The Democrats introduced the bill aiming to reverse a non-negotiation clause that President Bush insisted on including when the Part D Medicare drug prescription subsidy law was first created in 2003. Democrats charged that the non-negotiation clause favored lining the pockets of the pharmaceutical industry instead of helping lower the cost of prescription drugs for the average American.
Opposing Republicans today, however, say that the Medicare program does not have enough leverage to succeed in lowering drug prices.
Congress member Joseph Crowley, D-NY, said that negotiating is necessary to combat the rising cost of drugs.
“Drug prices have risen [at] twice the rate of inflation and older Americans have had to pay dearly for the prescription medicines they need. With this legislation, the Secretary of Health and Human Services will have the power, and be required, to negotiate the price of drugs for our nation's seniors.”
Crowley cited a Kaiser Family Foundation poll that said more than 80 percent of Americans believe the Department of Health and Human Services should be able to negotiate lower prices, and want the bill passed.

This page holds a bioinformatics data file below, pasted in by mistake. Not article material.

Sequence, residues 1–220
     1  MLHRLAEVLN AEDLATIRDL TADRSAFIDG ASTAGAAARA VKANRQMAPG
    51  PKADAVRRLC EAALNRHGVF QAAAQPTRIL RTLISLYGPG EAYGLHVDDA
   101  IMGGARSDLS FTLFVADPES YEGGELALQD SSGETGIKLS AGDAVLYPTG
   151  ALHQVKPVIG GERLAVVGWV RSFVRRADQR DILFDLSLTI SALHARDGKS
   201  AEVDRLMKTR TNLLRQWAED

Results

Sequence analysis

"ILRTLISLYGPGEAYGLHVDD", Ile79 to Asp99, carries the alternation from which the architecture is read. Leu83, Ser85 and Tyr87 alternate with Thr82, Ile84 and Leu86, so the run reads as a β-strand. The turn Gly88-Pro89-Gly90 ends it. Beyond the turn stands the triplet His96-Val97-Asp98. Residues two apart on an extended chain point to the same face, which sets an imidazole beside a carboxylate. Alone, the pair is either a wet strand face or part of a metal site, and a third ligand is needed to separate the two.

However, a report released from the Congressional Budget Office, a nonpartisan research arm of Congress, questions whether successful negotiations are possible.
The bill "would have a negligible effect on federal spending because we anticipate that the secretary would be unable to negotiate prices across the broad range of covered Part D drugs that are more favorable than those obtained by the prescription drug plans,” the Boston Globe quoted the CBO report as saying.
"The U.S. federal government has become the lapdog of the pharmaceutical industry,” natural health adviser and published author Mike Adams said. “We now have a government of the corporations, by the corporations and for the corporations, and this action by President Bush will guarantee continued Big Pharma profiteering at the expense of the American people.”
The bill passed with a 255-to-170 vote. In addition to a unilateral “yes” vote from all House Democrats, 24 House Republicans also voted in favor of it.
Recently, a bill has started to gather steam in the Senate that would similarly lift the ban on Medicare negotiations.